Promo codes on checkout pages: Pros and cons

TL;DR: Promo codes help visitors save money and increase sales for people already interested. Adding a promotional code to a design increases the likelihood of process abandonment, as people may wander off to another website in search of the code. Visitors that have a code could be more satisfied with their purchase, while those who don’t could be dissatisfied.

“Few things stir up a consumer revolt quicker than the notion that someone else is getting a better deal”

David Streitfeld

Considerations regarding promo code addition to a design is a fairly common occurrence. However, promotional code inputs are a double sided sword. Following is a meta-analysis of reasons in favour and against the use of promo code inputs on a checkout page design, plus some solutions that are positioning themselves in between. Note that in the reasoning below, the promotional code addition on the checkout page is considered, and not in other places (e.g. on the landing page as a header, etc.)

Promo codes for increasing sales

Increase in sales volume is one of the first reasons behind the use of promo codes. The use of coupons in specific products has been documented to increase the likelihood of purchasing by 116% [3]. Though this is observed on people that are interested in the product beforehand. In the meantime, they could help boost interactivity of shops with specific audiences; increasing products viewed by 0.54% and the probability of purchase by 0.29% [3].

In some cases, promo codes have been developed into a collective ecosystem managed by a third party organisation. Tools like Honey and Smart pass are either free or charging a monthly subscription (the latter) in order to provide their customers with a list of promotional codes. This process can be described as an affiliate program that could help with boosting individual sales. Furthermore, Behavioural Change Support Systems applied on these “affiliate” apps [4] provide an outsourced recurring sales increase.

Practical implication of the usage of targeted promotional codes would be the development of strategic behaviours in order to acquire a given product or service at a reduced service [3], while not affecting visitors that wouldn’t already perform a purchase.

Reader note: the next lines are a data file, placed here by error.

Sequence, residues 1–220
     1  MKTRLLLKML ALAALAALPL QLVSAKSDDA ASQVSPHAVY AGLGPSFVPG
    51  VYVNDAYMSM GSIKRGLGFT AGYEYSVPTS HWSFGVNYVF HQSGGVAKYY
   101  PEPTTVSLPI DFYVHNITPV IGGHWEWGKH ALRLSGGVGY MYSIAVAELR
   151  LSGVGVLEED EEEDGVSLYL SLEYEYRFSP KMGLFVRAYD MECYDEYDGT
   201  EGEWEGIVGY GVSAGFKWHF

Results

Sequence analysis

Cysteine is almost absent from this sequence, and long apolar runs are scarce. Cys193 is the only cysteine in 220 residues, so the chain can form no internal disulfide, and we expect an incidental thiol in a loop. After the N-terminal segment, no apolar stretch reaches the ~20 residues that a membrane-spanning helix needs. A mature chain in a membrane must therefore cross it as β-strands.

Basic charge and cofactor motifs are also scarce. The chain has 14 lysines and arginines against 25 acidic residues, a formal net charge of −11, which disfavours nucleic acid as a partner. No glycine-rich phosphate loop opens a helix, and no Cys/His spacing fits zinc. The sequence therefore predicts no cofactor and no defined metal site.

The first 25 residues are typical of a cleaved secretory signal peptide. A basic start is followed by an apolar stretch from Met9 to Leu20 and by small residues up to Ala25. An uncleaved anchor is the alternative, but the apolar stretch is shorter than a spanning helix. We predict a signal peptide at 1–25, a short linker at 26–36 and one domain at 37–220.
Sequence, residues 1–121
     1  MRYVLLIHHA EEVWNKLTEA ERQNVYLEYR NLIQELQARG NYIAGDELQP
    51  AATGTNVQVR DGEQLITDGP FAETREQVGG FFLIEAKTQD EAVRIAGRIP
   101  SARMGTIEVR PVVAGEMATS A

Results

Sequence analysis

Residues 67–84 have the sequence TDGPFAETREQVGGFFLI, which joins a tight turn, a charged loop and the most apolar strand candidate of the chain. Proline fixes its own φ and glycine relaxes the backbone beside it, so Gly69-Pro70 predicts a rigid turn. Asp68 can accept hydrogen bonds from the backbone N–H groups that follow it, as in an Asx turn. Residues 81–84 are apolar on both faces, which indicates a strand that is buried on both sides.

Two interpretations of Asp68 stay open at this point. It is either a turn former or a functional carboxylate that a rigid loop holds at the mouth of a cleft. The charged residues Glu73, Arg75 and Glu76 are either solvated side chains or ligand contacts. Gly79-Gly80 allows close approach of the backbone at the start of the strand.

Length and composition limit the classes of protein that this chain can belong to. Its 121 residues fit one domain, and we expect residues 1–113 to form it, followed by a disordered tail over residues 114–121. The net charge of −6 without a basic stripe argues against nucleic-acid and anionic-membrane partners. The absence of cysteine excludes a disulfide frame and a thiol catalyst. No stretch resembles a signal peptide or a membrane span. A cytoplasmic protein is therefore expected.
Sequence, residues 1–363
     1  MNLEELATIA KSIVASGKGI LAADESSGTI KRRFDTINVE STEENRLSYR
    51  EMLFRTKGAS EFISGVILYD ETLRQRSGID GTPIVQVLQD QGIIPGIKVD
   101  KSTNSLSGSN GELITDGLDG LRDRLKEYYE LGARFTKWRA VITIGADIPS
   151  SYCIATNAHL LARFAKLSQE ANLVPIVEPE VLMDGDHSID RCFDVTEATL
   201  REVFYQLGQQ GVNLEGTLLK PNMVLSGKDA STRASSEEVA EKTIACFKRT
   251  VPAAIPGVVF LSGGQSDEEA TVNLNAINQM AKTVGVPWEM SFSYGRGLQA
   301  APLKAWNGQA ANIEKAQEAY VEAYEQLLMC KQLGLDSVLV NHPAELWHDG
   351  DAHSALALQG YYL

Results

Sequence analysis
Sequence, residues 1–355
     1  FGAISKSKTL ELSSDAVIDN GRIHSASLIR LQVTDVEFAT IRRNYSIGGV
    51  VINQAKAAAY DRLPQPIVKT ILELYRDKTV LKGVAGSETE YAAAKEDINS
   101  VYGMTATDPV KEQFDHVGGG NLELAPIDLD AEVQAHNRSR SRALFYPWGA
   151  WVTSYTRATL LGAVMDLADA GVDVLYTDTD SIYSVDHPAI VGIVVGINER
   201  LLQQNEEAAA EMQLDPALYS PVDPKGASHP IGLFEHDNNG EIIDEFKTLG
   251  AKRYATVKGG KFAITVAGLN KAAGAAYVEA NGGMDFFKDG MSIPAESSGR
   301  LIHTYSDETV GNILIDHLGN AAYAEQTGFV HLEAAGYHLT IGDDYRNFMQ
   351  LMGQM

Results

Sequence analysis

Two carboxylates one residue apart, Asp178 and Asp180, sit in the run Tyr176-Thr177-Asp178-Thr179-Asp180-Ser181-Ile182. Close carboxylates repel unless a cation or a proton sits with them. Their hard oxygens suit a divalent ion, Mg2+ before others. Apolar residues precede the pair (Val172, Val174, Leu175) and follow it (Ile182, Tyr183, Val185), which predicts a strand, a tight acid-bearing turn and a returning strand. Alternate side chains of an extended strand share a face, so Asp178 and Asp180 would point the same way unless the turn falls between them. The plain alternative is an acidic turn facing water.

Continuity in the checkout process

Promotional codes are one of the little input fields that can break continuity of the checkout flow. Visitors whilst in the checkout process may initiate a search for a promotional code elsewhere, which can result in the abandonment of  the purchase [2]. This behaviour is more likely to be witnessed in audiences with higher technological knowledge [1]. However, the more experienced (technologically) customer is beginning to be the mainstream in the current years.

Discount codes and customer satisfaction

Relative satisfaction regarding a purchase is directly affected by the use of a promo code. In a design that contains the prompt of adding a promotional code —that being either just an input (pre-filled or empty) or a title hinting its use— we can categorise the visitors into two groups: those with the knowledge of the code and those who don’t.  When ‘fairness of price’ and ‘satisfaction’ are measured for those two groups it is found that visitors who know the code are satisfied with their purchase and believe that the price that they paid is fair, whereas for not-knowers satisfaction and perceived fairness hinders [1].

Equity is the matter at hand in this case, as those who have a code may perceive themselves as special, and those who don’t may feel cheated. However, the former group’s satisfaction is relative to their expectations of the supply and effect of the  promo code. Consequently, dissatisfaction of the latter group is relative to their interest in acquiring a promo code.

Good promo code designs

Asos.com

Asos.com hides the input behind a closed card. The most prominent action is the one of adding an email address. This could help with customer dissatisfaction, by moving attention away from the blank field (that is not shown). At the same time, the design doesn’t hinder discoverability for a customer that is willing to search for the promo code field (given the proper incentive).  

Asos.com checkout page. In the top there is the country selection in a card. After that there is a card that is detracted with the title "promo/student code or voucher". Bellow that is the email address in a card.
Same picture as before. This time the promo card is open and the input for adding the promo code is revealed.

Myprotein.com

Myprotein.com uses a banner on every page of their shop. Informing the customer about the currently active promo code. In the checkout page, the promotional code is automatically applied and its effects are clear.

Myprotein.com landing page. Bellow the navigation and on top of the main picture banner, there is a smaller banner with the promotion text, including the promo code.
Myprotein.com checkout page. When the visitor opens it, they see the product(s) they added. On top of the product there is a banner that says that the code was (automatically) applied and the totally percentage saved (50% in this case). On the product itself there is a green text informing of the 50% discount applied.

References

[1] https://citeseerx.ist.psu.edu/viewdoc/download?doi=10.1.1.14.9915&rep=rep1&type=pdf

[2] https://www.sciencedirect.com/science/article/abs/pii/S074756321530025X 

[3] https://www.anderson.ucla.edu/documents/sites/faculty/review%20publications/research/Dai_et-al_AlibabaCoupons_SSRN-id3029707(0).pdf 

[4] http://ceur-ws.org/Vol-2340/03-BCSS2019_paper.pdf

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